Excuse my typos on my first post, I have fat fingers on my shitty old iPhone and I never scroll back to re read my posts grin

Newquay Thu 25-Jun-15 06:51:53

Hugs from over here. You must be exhausted. I'm like that with dc2 of 3.5. I so get the feeling of being 'scared': my shoulders go tense etc. I almost feel a sore throat coming on I fear it so much. a girl I met had an idea which worked - but very difficult (for me anyway) to do. When her 3 year old played up she would say suddenly 'do u want a hug??' - I tried it and it acts to kind of release all my pent up tension (as I am thinking about love and hugs) and sometimes leads to my son saying something adorable like 'yes! That is why I won't put my shoes on because I want a hug!' And then we hug and for a moment it all kind of 'resets' itself. I just find it so hard to keep on top of remembering to give warnings etc. excellent advice in this thread. This too will pass this too will pass smile xxxx

MI5agent Thu 25-Jun-15 07:23:21

Yes newquay I've done the 'do you want a hug' tact and that has effective results too. Although you don't always feel like asking it or hugging them as they've been so frustrating for however long you've been dealing with the tantrum, but sometimes it does "reset" things and gives you the chance to start again.

BrokenByA3YearOld Thu 25-Jun-15 08:37:09

currently trying to get out the house for the school run. She is refusing to get her clothes on, kicking and hitting me.

I took her to the time out step, which usually changes her attitude, but this time she's refusing to get off the step so I've forcibly put her t shirt and socks on. It's going to be a fight to get into the car and she may be going in to nursery half dress.

AAAAAAAAAARGH

Sorry, I'll read the replies once I get home.

FFS

madamginger Thu 25-Jun-15 09:00:40

My dc3 was just like this. I remember crying at dh saying I wish we'd never had him blushsad
He's nearly 5 and off to school in September and although we still have issues its a lot better than it was and the hitting and scratching has stopped thank god

3littlerabbits Thu 25-Jun-15 09:02:53

Oh no, not fun. Mine was actually in a great mood this morning for once - she went to sleep 15 mins early so I'm sticking with my more sleep theory (when she allows it of course).
It's so painful when you you need to get out to work and they won't move. Sympathy. Love the hug idea, I'm going to try that next time. And the silliness too. I do think sometimes I am too ready for the battle and need to get on her side (or something like that)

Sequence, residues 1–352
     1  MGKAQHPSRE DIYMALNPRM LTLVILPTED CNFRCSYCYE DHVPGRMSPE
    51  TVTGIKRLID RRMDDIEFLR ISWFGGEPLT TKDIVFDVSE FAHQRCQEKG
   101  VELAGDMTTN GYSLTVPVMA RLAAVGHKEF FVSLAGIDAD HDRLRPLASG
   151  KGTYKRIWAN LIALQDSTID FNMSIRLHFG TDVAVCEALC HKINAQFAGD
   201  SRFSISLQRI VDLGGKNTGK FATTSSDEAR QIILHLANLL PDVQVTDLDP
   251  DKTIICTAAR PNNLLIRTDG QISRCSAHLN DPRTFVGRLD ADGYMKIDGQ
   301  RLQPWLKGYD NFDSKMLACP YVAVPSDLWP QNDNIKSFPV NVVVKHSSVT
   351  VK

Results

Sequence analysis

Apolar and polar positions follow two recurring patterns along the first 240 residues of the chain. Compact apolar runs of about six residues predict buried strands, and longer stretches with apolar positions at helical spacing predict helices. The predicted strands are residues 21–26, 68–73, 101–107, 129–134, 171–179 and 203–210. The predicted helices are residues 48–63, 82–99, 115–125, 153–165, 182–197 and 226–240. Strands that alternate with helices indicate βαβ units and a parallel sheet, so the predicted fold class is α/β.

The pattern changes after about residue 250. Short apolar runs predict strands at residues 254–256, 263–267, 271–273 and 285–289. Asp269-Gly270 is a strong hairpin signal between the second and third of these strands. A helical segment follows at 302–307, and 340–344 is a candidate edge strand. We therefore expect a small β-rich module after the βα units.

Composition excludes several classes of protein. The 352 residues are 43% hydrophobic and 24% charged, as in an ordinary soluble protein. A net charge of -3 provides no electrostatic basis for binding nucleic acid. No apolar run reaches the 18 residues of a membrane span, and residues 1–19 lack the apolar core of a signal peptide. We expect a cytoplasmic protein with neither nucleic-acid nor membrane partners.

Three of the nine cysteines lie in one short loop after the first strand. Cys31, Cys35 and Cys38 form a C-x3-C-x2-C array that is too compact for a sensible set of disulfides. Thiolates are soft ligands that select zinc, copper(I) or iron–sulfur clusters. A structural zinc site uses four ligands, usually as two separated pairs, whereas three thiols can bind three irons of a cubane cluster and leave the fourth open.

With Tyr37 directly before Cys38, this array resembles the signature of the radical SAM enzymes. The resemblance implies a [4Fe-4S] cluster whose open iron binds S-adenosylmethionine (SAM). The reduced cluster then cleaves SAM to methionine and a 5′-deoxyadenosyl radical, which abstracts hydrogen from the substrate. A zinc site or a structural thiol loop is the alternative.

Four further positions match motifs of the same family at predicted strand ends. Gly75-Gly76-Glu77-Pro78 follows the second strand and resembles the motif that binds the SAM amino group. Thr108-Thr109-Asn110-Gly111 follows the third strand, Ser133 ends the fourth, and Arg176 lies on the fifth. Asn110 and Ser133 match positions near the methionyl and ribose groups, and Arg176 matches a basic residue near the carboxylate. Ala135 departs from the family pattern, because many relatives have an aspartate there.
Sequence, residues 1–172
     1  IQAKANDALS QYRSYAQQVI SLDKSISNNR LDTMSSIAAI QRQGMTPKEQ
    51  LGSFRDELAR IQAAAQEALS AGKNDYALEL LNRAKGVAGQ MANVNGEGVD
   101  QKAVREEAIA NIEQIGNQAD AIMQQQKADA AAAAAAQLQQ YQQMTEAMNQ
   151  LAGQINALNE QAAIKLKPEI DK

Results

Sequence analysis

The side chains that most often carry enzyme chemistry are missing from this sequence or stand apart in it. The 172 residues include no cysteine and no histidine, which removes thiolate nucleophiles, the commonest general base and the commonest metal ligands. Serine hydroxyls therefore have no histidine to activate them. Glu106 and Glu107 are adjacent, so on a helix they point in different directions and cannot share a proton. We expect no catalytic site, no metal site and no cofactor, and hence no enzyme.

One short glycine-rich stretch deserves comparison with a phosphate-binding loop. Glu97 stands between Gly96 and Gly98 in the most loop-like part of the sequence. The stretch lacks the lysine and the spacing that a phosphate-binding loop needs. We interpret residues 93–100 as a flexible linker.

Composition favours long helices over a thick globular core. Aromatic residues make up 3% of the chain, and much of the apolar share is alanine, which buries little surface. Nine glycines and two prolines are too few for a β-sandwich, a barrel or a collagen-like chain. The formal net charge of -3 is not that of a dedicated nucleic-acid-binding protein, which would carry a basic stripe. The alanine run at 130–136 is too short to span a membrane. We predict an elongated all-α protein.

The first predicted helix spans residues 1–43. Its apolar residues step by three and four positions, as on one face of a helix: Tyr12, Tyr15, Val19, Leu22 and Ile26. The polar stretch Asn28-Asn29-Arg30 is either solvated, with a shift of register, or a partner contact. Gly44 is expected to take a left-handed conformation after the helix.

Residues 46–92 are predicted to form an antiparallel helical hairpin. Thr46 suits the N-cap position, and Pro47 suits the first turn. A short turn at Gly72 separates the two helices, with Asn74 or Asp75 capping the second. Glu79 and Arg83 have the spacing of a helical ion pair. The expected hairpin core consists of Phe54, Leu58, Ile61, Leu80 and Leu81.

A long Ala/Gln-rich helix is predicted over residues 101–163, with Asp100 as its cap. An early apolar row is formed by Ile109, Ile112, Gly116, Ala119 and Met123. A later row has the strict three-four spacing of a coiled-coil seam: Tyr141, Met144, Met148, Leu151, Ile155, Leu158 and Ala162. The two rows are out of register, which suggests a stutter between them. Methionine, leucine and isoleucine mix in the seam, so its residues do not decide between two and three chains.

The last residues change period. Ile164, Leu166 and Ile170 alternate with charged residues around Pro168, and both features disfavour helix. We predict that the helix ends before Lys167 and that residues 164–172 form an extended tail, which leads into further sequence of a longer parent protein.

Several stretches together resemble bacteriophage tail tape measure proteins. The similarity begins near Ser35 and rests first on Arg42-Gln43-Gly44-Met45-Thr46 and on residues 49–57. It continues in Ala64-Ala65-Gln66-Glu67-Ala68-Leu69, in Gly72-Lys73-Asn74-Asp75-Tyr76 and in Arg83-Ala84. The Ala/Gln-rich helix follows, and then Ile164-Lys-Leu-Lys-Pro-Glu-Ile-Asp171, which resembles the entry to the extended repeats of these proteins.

Hugs to you Broken, we are all here and we know what it's like.

3littlerabbits Thu 25-Jun-15 09:04:15

Although I'm sure mine is much worse than everyone else's....

BrokenByA3YearOld Thu 25-Jun-15 09:11:53

<weep>

that was fucking horrible

plannedshock Thu 25-Jun-15 09:13:44

Read some of my posts. My dd is exactly like this. Yep you know it won't last forever and yep you know one day you will wish you could still have them as babies but it doesn't stop you wanting to scream "what the fuck is your problem you tiny dick head!!!?!?!" (Not done it to her face obvs ��)
The thing that helps me is thinking we all have them it's nothing your personally doing wrong or her hating you. She's just a bit of a douche bag.

mummytime Thu 25-Jun-15 09:30:14

Okay my advice (but my third was my easy child):

Do the star chart for you thing - so you have a star chart, and note on it whenever you praise her. The aim is you give her praise at least 10 times a day, it is your responsibility to find something to praise. (It works because you give attention for good behaviour, and you notice some "good" behaviour).

Decide what really is non negotiable. If possible have DP look after her, go out for a coffee/tea and write a list, then go back over the list for anything you can cross off. Be ruthless, does it really matter if she does the school run in PJs? (Have no shame).

Work on strategies for each of the non-negotiables. Alternatives "blue or pink socks". Make it a game "can Mummy get dressed faster than you?" Broken record.
Ask friends and relatives for ideas - try anything -even if it would never have worked on the others.

Make sure you have some "you time". Work is good for this, or the Gym, or a coffee, or book group or... Mother's cannot stay sane if they are with a 3 year old 24/7. And enjoy your time away.

Try to have some fun time with her. Buy gallons of bubble mix if necessary.

Oh one child at DS's nursery did go to nursery in PJs once - I don't think he made a fuss about getting dressed again. (And DD took 1/2 hour to put on her socks - I would never allow enough time for this.)